Queen Elizabeth II will likely begin the morning of Feb. 6 as she does every other day – with the racing news, the Daily Telegraph, her husband and dogs, and the box of official briefing papers that she reads diligently before work begins.
But this Monday will be different in one way: Normally the Queen spends Feb. 6 – the anniversary of her father’s death, which is known in royal circles as accession day – in private contemplation. This year, it marks the beginning of the 61st year of her reign, and so she will spend it in a glamorous fashion befitting her monarchy: That is, visiting toddlers in a nursery school and dignitaries in the Norfolk town of King’s Lynn.
There will be no rest this year for the 85-year-old monarch as she celebrates her Diamond Jubilee (she is now the second-longest-reigning British monarch, after Queen Victoria). The Royal Family, or “The Firm,” as it calls itself, is a brand that is seeking to build on the successes of last year, to capitalize on ever-increasing global interest in the monarchy through the use of both ancient pageantry and up-to-the-minute technology.
To that end, this year’s pomp will make last year’s royal wedding seem like an impromptu get-together in a community centre. The centrepiece of the festivities is a four-day weekend at the beginning of June – the date chosen because it’s statistically the driest few days in Britain – which will see street parties across the country, the lighting of 2,012 beacons across the Commonwealth, a river pageant of 1,000 boats on the Thames, and a giant concert in London.
As well, in the period around the Jubilee celebrations, there will be an exhibit of the Queen’s diamonds at Buckingham Palace, a huge horse show in Windsor, a lunch for Commonwealth heads of government and a reception for European royal families, several books, eight new bells named for the Royal Family, a half-dozen television documentaries and one special prayer to be intoned at St. Paul’s Cathedral. Never mind the countless international television crews thronging the streets of London.
Planning for so many months of gilt, velvet and polished trumpets has taken four years, and the Queen gave her staff two main guidelines, a senior royal adviser said last week: She did not want a drain on the public purse (most of the expenses, apart from security, are being picked up by private individuals and sponsors), and she “didn’t want to force people to celebrate.” Buckingham Palace staff have delicately avoided questions of exactly how much the celebrations will cost, but the river pageant alone is pegged at £10-million ($15.7-million).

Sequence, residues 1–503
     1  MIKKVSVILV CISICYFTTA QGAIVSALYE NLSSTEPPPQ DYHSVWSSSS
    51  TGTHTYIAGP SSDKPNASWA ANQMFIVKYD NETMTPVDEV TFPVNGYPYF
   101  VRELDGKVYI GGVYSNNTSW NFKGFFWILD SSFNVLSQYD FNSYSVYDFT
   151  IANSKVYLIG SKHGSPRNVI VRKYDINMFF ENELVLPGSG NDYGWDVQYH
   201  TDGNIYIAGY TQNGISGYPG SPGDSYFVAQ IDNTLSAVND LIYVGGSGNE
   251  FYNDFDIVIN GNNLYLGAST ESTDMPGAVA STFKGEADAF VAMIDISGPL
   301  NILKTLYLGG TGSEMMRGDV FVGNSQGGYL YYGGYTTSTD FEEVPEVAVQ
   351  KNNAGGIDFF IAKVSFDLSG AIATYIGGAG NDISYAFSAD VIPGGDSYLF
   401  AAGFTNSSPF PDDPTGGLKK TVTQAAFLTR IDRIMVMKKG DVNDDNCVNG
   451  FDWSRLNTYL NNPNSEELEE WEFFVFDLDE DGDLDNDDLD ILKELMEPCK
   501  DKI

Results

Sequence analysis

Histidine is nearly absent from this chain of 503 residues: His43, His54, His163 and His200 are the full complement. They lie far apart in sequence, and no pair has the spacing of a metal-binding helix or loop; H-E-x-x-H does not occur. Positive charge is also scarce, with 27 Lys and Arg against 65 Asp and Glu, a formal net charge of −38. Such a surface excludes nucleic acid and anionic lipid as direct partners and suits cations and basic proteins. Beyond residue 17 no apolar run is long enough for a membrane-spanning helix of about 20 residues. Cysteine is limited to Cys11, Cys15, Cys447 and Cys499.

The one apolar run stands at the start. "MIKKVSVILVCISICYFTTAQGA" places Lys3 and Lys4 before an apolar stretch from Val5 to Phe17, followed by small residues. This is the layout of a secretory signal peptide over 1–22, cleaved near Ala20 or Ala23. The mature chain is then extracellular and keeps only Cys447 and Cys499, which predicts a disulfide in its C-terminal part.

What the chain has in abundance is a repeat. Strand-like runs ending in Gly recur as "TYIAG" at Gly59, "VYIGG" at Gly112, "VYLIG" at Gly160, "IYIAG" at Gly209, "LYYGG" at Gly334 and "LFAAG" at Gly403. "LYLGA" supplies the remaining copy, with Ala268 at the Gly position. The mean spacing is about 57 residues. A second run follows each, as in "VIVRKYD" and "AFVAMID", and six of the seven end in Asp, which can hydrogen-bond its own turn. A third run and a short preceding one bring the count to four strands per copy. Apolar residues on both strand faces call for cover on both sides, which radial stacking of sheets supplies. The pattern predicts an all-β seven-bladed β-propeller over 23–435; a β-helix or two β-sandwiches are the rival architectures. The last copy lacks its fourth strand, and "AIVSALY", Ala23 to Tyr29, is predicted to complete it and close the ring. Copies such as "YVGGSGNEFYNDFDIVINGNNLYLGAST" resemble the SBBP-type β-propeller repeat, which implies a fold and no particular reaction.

The Queen is using this as a prime opportunity to polish the monarchy’s reputation, which was stained by the divorce and toe-sucking scandals of the 1990s and more recently by stories about Prince Andrew having to give up his job as trade ambassador. There is a need to stand out in a year that also features the London Olympics. As British journalist Andrew Marr writes in his new book, Diamond Queen, “the jubilees are an invented tradition, which allow the monarchy to dominate the crowded news agenda of a busy country.”
So the popular younger members of the family will be in high-profile positions this year: Prince Harry will tour the Caribbean and Brazil, and Prince William will be stationed in the Falklands as an RAF search-and-rescue pilot, a move that has already annoyed some Argentines in the run-up to the 30th anniversary of the Falklands War.
Senior royals will be dispatched to all corners of the Commonwealth (Prince Charles and the Duchess of Cornwall will visit Canada.) It’s been 60 years since Princess Elizabeth, on a trip to Kenya, received the unexpected news that her father, King George VI, had died in his sleep at Sandringham. In the intervening decades she has met an estimated four million people and taken on countless engagements. The year ahead is packed with many more for the Queen and the Duke of Edinburgh, 90, who had heart surgery in December. She has eight official engagements this month, and Prince Philip three.
“It’s their program, it’s not being imposed upon them. It’s being created around their wishes,” said the royal adviser, playing down concerns over the strenuous schedule. “These people are remarkable in terms of mental and physical capacity.”
Yet, for a family that spends an inordinate amount of time riding in carriages, the royals have become adept at using the latest social networking strategies to sell the family message and ladle out information in an enticing stream. All of this year’s events will be covered on Twitter and Facebook, as well as on the monarchy’s YouTube channel. A new Diamond Jubilee micro-site is being launched on Monday.
This is no surprise to royal watchers. “The Queen has presided over the modernization of the monarchy,” says Carolyn Harris, a royal historian at Queen’s University in Kingston, Ont. She notes that the Queen was, in her way, an early adapter: She insisted that her coronation be televised over the protests of senior politicians such as Winston Churchill, who thought that the presence of cameras would rob the ceremony of its grandeur. Sales of televisions soared before the coronation in June of 1953.
Millions of people worldwide will tune into the coming celebrations for the historical pageantry that Britain does so well. It all starts with a bang, quite literally, on Monday morning when the King’s Troop Royal Horse Artillery will pull their First World War gun carriages into Hyde Park and fire a “royal salute” to mark the beginning of the Diamond Jubilee. It won’t get much quieter for the rest of the year.
Editor's Note: Queen Elizabeth has begun the 61st year of her reign. Incorrect information appeared on Monday in print and in an earlier online version of this article. This version has been corrected.